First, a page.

April 22–When the 125 square miles scorched during last summer’s Colockum Tarps fire was prime winter-range elk habitat in eastern Kittitas County and the southern tip of Chelan County, hunters and wildlife officials naturally wondered what negative impact the blaze would have upon the Colockum elk herd.
The answer, apparently, is not much.
If anything, the herd is too resilient and populous for its own good — so much so, in fact, that state wildlife officials are nearly tripling the number of Colockum antlerless special permits available to hunters.
The Washington Department of Fish and Wildlife would like to maintain the herd’s population at around 4,500 elk. For the past couple of years, though, the herd has numbered upwards of 5,500, and this spring’s surveys — even coming on the heels of that 80,000-acre wildfire — were higher still.
“Fire is a potential short-term negative but a long-term positive” for wildlife habitat, said Scott McCorquodale, the state’s Yakima-based deer and elk specialist.
In more open areas, grasses and shrubs will grow back following a wildfire, while in more heavily forested areas the canopy of layered branches will be removed or thinned, allowing for more ground-level forage.
“There’s usually a lag of about a year before you start seeing that regeneration,” McCorquodale said, adding that autumn rain and a mild winter will speed up the process.
“We did have some forage growth,” McCorquodale said. “After the (August 2012) Taylor Bridge Fire, there was a lot of concern about what that would mean for deer that coming winter, and as it turned out the deer did fine. The fire effect was kind of a mosaic and there was enough regrowth that they did pretty well.
“It’s basically been the same thing with the Tarps Fire. There has been some regenerative growth, though not as much as we’ll see in a year or two. The fire on the winter range tended to run up and down the drainage bottoms where there was more trees, but the more open areas — what people really think about when they think about the Colockum — the fire didn’t do as much damage as you might think.”
The 6,018 elk counted in this year’s late-winter survey — “probably more than we expected to see,” McCorquodale said — were some 300 more than the previous year’s count. That number being 1,500 above WDFW management objectives will mean more opportunities this fall for Colockum elk hunters, who not that long ago faced diminishing prospects.
Twenty years ago, all of the WDFW’s Region 3 — encompassing Kittitas, Yakima, Benton and Franklin counties — all branch-antler bull hunting became permit-only except in Game Management Units (GMUS) 372 (Rattlesnake Hills) and 373 (Horse Heaven) in Benton County. A decade later, the general-season archery elk season was eliminated in the Colockum, and permit hunts in generally were largely eliminated. And in 2009 the Naneum, Quilomene and Teanaway GMUs — constituting the bulk of the Colockum herd’s range — went to true-spike only.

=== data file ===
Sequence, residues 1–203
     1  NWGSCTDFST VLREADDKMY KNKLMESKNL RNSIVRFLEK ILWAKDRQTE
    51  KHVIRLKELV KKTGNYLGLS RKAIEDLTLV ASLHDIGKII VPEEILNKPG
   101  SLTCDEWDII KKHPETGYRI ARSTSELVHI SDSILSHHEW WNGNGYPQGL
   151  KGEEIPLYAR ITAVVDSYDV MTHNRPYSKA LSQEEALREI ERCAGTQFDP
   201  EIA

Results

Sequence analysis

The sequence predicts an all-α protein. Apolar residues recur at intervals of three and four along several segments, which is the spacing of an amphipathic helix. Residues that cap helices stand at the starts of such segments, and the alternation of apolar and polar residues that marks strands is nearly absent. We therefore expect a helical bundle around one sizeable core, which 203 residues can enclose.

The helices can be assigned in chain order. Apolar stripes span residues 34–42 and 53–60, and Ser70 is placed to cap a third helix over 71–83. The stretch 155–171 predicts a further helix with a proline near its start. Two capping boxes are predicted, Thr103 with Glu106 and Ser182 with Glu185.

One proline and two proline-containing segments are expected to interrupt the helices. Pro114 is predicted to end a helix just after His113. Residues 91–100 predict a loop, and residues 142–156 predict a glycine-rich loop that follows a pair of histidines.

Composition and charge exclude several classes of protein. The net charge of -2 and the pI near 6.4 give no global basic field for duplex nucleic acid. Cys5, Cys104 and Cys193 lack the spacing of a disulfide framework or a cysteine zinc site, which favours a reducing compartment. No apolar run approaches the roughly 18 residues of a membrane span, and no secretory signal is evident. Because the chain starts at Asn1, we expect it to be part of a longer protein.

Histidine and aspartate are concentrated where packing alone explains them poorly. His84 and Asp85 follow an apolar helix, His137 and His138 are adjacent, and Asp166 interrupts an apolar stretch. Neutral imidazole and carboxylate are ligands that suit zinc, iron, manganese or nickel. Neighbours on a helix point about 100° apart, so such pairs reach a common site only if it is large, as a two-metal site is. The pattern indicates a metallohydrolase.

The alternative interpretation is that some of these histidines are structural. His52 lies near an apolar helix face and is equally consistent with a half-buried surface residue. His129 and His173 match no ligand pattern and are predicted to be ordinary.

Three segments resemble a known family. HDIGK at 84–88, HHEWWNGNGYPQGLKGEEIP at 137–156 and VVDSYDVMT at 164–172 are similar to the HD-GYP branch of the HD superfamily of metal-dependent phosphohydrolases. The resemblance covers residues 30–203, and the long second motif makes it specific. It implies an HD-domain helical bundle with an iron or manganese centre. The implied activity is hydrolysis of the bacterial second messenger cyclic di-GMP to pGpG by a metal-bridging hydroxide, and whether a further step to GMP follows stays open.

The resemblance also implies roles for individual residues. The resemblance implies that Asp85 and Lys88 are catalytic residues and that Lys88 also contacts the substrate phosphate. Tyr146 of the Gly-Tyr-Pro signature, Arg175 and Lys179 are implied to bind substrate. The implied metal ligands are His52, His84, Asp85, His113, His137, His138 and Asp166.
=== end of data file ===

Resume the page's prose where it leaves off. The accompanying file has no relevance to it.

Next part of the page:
This year, in addition to the spike-only hunts available with the elk license, hunters can also apply to be drawn for one of 1,016 antlerless special permits on the Colockum — a significant jump from the 374 available a year ago.
Opportunity in the Yakima elk herd, numbering just under 10,000 elk, will also increase, though not nearly as dramatically.
The Washington Fish and Wildlife Commission also approved higher permit levels for the Yakima herd — another 130 any-bull and an additional 1,440 antlerless permits, the latter constituting a bump of more than 50 percent.
While any boost in any-bull permits, even just 130 more, will be a big attraction for hunters dreaming of a trophy branch-antlered bull, simply being drawn for a special permit doesn’t insure success.
“A hundred and 30 additional (permits) for bulls is a pretty small thing,” McCorquodale said, “when you’re talking about an elk herd of something around 10,000 elk that stretches from the crest of the Cascades to the Columbia River.”
The same stretch of mild winters that aided the recent growth of the Yakima and Coluckum elk herds has also bolstered deer and elk populations elsewhere in the state.
The only decrease in elk special permits involved the Mount St. Helens herd, which after far outnumbering available forage in the mid-2000s was subjected to six straight years of elevated permit levels.
This year, with the herd’s population now back within management objectives, the commission approved the WDFW’s requested reduction of 400 permits.